A growing number of studies point to the need for better surveillance of patient-safety events associated with technology integration. In June, researchers at the Veteran Health Administration Center for Innovations in Quality, Effectiveness and Safety in Houston reported that complicated and confusing electronic health records pose a serious threat to patient safety. The more complex a system, the more difficult it is to trace the root cause of a mistake. They said the problem is not just technological complexity, but how people use the system. Often, such events happen under the radar, and when they are reported, they are often attributed to user or programming error.
A Food and Drug Administration report on device recalls this year said radiology devices such as linear accelerators and CT scanners were the most frequently recalled devices. But for the most part, “the problems have not been with the technology in itself, but rather with clinical use of the technology,” according to the report. Software issues, system compatibility, user interfaces and clinical-decision support accounted for more than two-thirds of radiology device recalls.
Some experts recommend mandatory training for newly introduced device or technology, while others call for more transparency to allow hospitals to quickly share usability issues and solutions.
“The problem is not always the tool,” said Dr. David Chang of the University of California San Diego. Chang coauthored a recent article in JAMA Surgery that found a brief but significant increase in prostatectomy surgery errors associated with the initial rapid expansion of surgical robot use. “The people using it, that's the part many are not paying attention to,” he said. A national surveillance system would help physicians learn from each others' experiences, he said.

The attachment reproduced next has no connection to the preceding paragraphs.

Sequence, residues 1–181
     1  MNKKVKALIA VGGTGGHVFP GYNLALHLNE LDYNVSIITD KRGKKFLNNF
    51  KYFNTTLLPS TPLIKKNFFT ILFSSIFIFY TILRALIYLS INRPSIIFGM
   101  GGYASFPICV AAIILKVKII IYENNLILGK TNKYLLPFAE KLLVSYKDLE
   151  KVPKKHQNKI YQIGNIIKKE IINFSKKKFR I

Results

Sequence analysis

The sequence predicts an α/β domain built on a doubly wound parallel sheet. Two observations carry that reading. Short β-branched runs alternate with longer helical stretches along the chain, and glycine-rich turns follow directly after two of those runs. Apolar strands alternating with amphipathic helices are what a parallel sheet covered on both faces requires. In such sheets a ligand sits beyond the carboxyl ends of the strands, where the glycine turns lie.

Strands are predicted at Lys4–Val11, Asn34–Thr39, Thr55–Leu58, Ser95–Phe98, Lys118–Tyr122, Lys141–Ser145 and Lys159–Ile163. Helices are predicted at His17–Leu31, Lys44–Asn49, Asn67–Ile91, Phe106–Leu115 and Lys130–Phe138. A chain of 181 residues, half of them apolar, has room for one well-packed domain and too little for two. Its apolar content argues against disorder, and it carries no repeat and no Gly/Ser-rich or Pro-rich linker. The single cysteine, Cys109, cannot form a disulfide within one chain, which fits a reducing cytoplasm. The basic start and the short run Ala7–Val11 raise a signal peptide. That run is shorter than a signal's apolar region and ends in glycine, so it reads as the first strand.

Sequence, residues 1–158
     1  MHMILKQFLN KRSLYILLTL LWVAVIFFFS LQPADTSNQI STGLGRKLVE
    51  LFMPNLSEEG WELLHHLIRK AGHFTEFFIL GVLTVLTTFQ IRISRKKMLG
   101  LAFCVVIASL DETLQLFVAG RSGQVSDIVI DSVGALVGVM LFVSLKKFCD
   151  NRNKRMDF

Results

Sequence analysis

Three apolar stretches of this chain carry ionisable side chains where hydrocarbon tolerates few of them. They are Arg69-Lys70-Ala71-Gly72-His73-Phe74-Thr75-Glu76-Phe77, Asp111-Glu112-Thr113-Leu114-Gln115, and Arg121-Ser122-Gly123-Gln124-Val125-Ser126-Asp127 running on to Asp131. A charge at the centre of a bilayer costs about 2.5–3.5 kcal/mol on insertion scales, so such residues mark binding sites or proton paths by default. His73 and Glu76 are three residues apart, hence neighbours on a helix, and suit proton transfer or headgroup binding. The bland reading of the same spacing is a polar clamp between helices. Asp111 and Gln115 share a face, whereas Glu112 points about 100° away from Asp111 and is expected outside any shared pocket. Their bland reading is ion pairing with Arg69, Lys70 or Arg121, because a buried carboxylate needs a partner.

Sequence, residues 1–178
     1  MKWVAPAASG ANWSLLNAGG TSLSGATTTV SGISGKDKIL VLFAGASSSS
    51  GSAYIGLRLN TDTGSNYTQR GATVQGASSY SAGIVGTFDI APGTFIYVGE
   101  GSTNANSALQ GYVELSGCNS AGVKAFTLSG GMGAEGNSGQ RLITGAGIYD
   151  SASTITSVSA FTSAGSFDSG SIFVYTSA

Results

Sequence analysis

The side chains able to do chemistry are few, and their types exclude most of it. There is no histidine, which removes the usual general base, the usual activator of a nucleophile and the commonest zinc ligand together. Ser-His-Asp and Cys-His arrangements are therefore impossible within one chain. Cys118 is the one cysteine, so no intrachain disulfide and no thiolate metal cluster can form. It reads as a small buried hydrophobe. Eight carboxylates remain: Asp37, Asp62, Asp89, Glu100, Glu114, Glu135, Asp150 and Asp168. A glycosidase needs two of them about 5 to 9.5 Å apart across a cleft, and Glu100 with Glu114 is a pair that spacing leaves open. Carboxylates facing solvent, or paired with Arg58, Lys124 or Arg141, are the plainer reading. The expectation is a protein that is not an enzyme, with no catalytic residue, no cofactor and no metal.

MedStar Health, a 10-hospital not-for-profit system, launched its National Center for Human Factors in Healthcare in 2010 to address safety issues associated with new technology deployment. The 2011 glucometer incident was among the first events it investigated. The center works with MedStar hospitals, as well as medical-device and health-information technology developers, to discover problems and determine what changes in the healthcare environment or the products will produce safe and effective outcomes. Any clinical staffers who might potentially touch a particular piece of equipment could find themselves in the center's simulation lab, including surgeons, anesthesiologists, nurses, paramedics and other medical technicians.
Over the past year, the MedStar team has evaluated dozens of devices, including health IT software, infusion pumps, patient beds and wound-treatment devices, among others. About half of the projects were researched for manufacturers, while the other half were evaluated to examine new or existing devices the health system flagged as posing potential hazards.
At the center's two simulation labs, mannequins with automated voices serve as patients and are outfitted with sensors that send cues to staff monitors indicating the success or failure of a process. The sensors beep when there are sudden changes in the patient's blood pressure or heart rate. Clinical staff who participate in the lab simulations wear a headpiece that tracks their eye movements, which helps human-factors engineers analyze where safety issues are cropping up on the devices being tested.